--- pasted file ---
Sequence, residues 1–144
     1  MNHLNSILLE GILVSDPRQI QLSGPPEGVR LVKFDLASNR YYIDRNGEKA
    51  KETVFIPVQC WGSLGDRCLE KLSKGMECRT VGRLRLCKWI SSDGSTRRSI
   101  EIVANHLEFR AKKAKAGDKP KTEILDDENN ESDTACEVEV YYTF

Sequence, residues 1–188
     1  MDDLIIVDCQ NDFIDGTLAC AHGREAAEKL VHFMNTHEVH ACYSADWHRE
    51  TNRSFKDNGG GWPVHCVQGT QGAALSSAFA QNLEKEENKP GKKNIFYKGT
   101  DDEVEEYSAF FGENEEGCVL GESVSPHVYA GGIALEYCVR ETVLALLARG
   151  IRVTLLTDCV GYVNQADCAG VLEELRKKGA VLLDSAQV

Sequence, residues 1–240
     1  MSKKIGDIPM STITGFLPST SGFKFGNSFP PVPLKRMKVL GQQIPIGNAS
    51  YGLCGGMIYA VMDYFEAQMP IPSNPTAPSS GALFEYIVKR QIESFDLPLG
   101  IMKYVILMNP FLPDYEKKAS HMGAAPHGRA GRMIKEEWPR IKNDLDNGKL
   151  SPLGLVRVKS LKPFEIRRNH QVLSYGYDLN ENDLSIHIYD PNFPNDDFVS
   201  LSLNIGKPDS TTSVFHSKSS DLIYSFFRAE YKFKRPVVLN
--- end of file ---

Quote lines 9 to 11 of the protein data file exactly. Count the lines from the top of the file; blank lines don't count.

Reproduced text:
   151  IRVTLLTDCV GYVNQADCAG VLEELRKKGA VLLDSAQV

Sequence, residues 1–240
     1  MSKKIGDIPM STITGFLPST SGFKFGNSFP PVPLKRMKVL GQQIPIGNAS